-by Svetla Tomanova
In April, the Teacher of the Year committee revealed the finalists of the Virginia Beach City Public Schools’ 2023 Citywide Teacher of the Year. Today, we’re celebrating the fourth finalist. The citywide winner will be announced May 6, 2022.
Melinda Pezzella teaches second graders at Trantwood Elementary School. In addition to being celebrated as Trantwood’s Teacher of the Year, she was also the recipient of Trantwood’s Reading Teacher of the Year award for 2023.
“Mrs. Pezzella is truly a model of teaching excellence,” noted Trantwood Principal Lori Hasher. “Students and staff find her to be an efficient, effective and exemplary educator.”
While Pezzella’s parents put education as a number-one priority, it was two middle school teachers who set the stage for her to become an educator. Mrs. Stoots and Mrs. Ford not only kept young Melinda from “getting into trouble,” but they also led open and genuine conversations with and influenced her future. She became undeterred in her desire one day to work with children and hopefully make the same impact on students. When she started her professional career, she often found herself reminiscing about her lodestars.
“She is a true leader and is often sought out by her colleagues due to her expertise,” Principal Hasher added.
Pezzella is a pivotal member of Trantwood Elementary School Principal Advisory Committee, Instructional Leadership Team, Responsive Classroom, PBIS Team and Student Response Team. She supports the school’s PTA events and builds relationships with her students by attending their after-school activities and sporting events such as gymnastics, dance and swim meets.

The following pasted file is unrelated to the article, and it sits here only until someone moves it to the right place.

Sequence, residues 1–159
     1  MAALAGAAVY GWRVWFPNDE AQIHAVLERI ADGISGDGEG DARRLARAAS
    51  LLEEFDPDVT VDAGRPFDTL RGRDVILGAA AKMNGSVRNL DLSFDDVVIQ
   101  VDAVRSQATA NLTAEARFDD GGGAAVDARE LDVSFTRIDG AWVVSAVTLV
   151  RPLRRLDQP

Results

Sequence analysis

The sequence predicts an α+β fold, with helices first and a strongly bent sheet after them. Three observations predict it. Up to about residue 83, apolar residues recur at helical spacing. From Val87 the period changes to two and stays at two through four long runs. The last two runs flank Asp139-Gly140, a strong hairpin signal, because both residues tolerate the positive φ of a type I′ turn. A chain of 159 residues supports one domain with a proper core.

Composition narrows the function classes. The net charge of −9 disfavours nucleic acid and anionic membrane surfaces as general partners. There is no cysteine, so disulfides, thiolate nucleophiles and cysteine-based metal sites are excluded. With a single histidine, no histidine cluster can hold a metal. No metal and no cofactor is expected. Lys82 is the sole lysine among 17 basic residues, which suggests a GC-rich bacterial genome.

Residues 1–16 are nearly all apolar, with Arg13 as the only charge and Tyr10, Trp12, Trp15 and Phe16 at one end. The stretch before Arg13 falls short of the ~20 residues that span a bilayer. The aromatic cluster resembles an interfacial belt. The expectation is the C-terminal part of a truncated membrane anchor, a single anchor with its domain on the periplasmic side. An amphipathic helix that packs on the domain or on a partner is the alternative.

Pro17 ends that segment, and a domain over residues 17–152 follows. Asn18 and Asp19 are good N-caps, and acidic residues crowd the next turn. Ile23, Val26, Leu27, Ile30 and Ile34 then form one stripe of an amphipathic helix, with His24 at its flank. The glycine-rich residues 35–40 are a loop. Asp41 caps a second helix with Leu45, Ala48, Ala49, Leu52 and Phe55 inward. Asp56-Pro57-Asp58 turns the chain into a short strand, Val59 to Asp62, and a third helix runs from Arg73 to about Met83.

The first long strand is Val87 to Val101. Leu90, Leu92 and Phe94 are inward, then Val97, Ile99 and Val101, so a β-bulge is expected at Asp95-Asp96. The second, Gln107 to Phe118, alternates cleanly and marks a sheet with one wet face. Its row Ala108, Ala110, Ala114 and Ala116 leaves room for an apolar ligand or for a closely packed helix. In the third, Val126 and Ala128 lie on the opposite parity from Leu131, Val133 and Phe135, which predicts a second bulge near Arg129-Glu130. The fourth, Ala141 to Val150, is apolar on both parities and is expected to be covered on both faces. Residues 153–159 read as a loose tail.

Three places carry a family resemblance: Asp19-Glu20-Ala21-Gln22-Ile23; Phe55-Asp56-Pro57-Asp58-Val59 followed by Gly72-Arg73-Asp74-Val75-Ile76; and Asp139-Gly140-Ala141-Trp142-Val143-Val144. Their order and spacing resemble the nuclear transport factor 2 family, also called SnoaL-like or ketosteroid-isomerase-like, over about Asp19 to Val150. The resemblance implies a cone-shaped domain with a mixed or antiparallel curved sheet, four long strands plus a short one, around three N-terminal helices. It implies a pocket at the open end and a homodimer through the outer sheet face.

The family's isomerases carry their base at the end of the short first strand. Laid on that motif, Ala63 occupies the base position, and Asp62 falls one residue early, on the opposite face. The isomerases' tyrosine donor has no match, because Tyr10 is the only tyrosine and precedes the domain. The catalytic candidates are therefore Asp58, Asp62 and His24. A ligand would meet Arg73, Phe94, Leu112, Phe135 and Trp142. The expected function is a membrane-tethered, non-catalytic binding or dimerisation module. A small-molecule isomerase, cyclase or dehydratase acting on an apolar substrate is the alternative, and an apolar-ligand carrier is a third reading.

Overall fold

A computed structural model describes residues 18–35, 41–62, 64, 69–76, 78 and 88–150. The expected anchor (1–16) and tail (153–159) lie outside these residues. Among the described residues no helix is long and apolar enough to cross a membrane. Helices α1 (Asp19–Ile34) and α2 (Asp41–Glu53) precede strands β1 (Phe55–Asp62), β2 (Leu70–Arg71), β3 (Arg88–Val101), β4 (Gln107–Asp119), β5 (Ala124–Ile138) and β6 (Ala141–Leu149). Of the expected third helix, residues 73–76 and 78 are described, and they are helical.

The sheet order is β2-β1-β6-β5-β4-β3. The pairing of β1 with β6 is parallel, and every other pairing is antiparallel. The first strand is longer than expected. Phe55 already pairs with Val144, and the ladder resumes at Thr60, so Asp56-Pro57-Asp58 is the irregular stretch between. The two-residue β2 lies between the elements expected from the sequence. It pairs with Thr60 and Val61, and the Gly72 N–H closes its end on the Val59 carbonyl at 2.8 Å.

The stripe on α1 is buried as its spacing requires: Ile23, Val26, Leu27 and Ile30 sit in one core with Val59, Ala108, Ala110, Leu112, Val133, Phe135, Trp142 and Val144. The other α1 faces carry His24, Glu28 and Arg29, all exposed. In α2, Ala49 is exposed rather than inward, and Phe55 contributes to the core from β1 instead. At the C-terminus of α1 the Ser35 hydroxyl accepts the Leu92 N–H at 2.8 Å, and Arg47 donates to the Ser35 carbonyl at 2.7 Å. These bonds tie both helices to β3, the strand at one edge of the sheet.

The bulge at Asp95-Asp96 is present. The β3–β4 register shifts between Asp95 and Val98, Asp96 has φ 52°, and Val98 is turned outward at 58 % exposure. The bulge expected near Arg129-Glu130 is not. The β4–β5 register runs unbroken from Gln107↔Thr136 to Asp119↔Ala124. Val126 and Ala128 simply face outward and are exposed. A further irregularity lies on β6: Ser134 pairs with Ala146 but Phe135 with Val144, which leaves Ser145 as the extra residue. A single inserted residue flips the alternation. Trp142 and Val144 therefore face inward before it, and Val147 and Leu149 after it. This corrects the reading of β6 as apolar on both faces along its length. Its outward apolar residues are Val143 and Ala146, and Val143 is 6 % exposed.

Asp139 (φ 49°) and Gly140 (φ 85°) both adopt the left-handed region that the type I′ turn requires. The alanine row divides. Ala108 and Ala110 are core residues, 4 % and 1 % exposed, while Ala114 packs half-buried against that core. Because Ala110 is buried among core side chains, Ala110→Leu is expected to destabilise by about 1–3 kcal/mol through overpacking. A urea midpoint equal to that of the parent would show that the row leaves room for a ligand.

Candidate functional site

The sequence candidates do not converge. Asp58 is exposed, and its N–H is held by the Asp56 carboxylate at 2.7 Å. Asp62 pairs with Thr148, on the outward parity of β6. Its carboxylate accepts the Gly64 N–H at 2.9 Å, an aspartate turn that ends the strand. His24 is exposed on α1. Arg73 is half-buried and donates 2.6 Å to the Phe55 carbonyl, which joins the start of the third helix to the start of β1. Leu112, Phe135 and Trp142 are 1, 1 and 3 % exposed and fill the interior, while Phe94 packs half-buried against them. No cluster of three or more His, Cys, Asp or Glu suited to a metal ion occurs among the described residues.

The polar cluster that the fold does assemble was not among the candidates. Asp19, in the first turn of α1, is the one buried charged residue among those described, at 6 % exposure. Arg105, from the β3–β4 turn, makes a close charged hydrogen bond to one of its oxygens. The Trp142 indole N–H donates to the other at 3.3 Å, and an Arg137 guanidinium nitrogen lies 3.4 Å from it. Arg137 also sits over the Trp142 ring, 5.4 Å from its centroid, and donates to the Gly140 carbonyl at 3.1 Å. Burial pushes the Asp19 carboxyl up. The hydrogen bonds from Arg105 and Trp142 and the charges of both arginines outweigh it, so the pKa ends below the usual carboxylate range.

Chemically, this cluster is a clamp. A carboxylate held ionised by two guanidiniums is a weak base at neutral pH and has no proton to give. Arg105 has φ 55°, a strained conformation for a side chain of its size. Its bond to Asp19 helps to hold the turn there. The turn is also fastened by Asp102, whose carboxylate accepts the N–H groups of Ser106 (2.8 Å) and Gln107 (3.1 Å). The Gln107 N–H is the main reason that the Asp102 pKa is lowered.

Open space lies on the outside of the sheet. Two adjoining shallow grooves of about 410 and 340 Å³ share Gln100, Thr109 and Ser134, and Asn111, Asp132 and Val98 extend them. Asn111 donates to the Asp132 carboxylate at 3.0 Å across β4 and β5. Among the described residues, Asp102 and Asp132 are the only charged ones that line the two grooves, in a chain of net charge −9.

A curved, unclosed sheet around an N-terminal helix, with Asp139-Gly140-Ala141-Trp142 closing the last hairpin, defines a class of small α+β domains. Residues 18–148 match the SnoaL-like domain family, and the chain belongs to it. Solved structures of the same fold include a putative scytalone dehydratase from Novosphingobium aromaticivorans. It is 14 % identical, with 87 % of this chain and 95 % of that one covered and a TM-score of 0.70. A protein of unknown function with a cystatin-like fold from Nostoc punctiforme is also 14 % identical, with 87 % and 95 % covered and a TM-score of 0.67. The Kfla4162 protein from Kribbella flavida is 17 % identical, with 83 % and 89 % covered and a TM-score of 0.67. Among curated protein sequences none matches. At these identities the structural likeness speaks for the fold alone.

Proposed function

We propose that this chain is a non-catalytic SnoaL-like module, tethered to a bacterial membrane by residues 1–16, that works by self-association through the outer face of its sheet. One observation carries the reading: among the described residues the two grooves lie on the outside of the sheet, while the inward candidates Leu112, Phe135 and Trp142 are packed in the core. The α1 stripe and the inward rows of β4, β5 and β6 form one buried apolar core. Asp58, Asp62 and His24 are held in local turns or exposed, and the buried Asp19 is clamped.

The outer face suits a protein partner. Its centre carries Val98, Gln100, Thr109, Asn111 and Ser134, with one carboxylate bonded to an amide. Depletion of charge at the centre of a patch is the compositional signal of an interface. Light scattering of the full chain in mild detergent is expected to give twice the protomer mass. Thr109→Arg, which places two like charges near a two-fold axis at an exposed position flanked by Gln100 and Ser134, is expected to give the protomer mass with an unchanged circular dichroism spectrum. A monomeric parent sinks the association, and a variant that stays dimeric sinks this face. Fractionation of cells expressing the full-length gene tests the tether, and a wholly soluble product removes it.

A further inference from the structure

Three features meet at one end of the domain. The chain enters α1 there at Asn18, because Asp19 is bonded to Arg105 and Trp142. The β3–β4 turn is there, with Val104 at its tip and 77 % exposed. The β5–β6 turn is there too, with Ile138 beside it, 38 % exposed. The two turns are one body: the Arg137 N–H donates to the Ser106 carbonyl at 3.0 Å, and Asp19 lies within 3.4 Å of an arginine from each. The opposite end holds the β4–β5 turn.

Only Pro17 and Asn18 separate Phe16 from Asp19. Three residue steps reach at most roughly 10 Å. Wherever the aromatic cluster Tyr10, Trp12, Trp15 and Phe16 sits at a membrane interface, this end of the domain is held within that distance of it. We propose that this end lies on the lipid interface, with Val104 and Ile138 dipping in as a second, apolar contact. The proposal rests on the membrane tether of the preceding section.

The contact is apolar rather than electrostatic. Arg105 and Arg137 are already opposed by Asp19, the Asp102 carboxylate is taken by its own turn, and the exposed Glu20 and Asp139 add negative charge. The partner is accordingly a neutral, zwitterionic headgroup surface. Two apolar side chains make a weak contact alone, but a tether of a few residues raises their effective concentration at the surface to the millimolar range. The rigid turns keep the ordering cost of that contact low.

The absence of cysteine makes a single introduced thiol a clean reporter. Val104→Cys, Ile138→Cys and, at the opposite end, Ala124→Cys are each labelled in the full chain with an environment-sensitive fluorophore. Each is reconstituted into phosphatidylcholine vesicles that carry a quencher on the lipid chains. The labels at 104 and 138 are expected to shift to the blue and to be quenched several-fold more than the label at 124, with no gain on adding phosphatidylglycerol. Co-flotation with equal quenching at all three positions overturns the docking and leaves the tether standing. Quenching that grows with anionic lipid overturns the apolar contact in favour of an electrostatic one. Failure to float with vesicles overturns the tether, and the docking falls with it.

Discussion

“Melinda’s students know she cares about them, as evidenced by her trips to visit their homes before the school year and her willingness to give of her time to attend their extracurricular activities,” explained Lisa Lee, Trantwood school counselor.
Knowing from a firsthand experience how important it is to provide “quality learning,” Pezzella engages students with innovative opportunities to connect learning objectives to their lives and the environment through Problem Based Learning and Global Goals. Problem Based Learning is connected to many math and science objectives and allows learning to be “authentic and innovative.” For example, in the Oyster Restoration Project, students collaborated and acted like scientists and environmental advocates. This allowed them to transcend their learning beyond the classroom.
“Mrs. Pezzella’s love of children and nurturing their education is genuine,” said Courtney and Matthew Manship in their recommendation letter. “Truly, we could not have asked for a more understanding, kind, nurturing and patient educator for our son.”
Pezzella’s lessons are engaging, and that is evident in her students’ participation in the Donate a Book, Change a Life initiative. Her class collected new and used books that were later transported to an African school in Ghana. The students learned about geography but, more importantly, this act of kindness served as a lesson in empathy and caring.
Pezzella believes that “a curriculum tied to real-world experiences will open the door to life-long learning and build future empathetic learners and critical thinkers.”